– Multiple plug-ins per day – Nobody is required to do this.  It is a function of their desire to have a fully charged vehicle and to fully benefit from automated arbitrage.  It raises the possibility of netting out to free electricity. 

– New rules and regulations – I am not clear what new rules would be required other than Time of Use metering.  Some states and utilities might want advanced features, in their TOU metering, to further encourage the monetization of various value streams.  For example, load scheduling is interesting.  People could do day ahead purchase agreements and be provided with discounts for shifting loads to off peak.  I can imagine a vibrant new ecosystem of innovation to take advantage of this.  Dishwashers that sign up for after midnight starts, cars that promise consumption at certain times in return for guaranteed pricing, etc. 

– Selling back to the grid.  Early on, EV battery prices are pretty high so a car owner would only benefit by significant price spikes such as are seen at times of critical peak loads.  They would only sell back during critical peak loads.  However as battery prices move down the experience curve and become less expensive their use could profitably be expanded to more nuanced electricity arbitrage.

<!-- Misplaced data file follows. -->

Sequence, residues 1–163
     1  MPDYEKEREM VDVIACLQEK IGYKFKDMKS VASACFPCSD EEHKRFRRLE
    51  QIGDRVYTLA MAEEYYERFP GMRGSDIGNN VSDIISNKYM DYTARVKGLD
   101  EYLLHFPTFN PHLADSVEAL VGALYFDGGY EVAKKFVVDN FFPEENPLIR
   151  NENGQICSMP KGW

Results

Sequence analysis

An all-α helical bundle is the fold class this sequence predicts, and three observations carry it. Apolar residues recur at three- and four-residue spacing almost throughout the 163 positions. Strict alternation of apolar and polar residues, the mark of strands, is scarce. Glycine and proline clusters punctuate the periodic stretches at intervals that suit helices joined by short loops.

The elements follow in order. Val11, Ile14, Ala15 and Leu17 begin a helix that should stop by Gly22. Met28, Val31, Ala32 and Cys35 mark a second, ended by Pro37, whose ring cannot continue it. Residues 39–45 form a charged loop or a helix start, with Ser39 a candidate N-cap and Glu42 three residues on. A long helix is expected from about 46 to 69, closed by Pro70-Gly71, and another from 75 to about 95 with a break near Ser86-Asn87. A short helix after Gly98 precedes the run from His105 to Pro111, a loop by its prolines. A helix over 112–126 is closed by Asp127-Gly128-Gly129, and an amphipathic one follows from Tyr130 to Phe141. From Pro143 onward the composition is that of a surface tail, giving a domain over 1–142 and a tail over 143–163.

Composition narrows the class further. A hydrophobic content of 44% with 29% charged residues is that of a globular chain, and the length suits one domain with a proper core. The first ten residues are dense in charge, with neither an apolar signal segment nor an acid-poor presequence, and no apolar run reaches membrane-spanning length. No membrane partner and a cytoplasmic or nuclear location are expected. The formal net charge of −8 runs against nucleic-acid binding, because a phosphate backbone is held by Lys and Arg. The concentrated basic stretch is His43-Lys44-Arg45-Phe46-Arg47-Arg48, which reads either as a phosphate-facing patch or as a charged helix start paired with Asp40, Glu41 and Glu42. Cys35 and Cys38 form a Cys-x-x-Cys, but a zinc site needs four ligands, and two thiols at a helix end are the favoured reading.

– Larger battery sizes – I would expect that car companies will do what Tesla is already doing, offer different battery capacities.  As battery prices drop and storage arbitrage becomes more profitable, more people would opt for it.  But nobody would be required to do it or be penalized for getting the smaller battery and not engaging in ‘playing the market’.




Clayton Handleman's picture
Clayton Handleman on Jul 1, 2014


In the 1980’s solar thermal plants, such as those out near Kramer Junction CA were the low cost leaders.  It was unimaginable to most that PV would every be a lower cost approach.  However volume production drove it down the experience curve and now solar troughs are thought to be unlikely to be competitive despite their attractive ability to be engineered to be dispatchable. 

Likewise, the EV industry is driving massive volume to Li-ion batteries.  This technology is being driven down the experience curve at a breathtaking pace.  I think the volume driven by the auto industry will make Li-ion viable for utility scale storage much more rapidly then most suspect. 


Nathan Wilson's picture
Nathan Wilson on Jul 1, 2014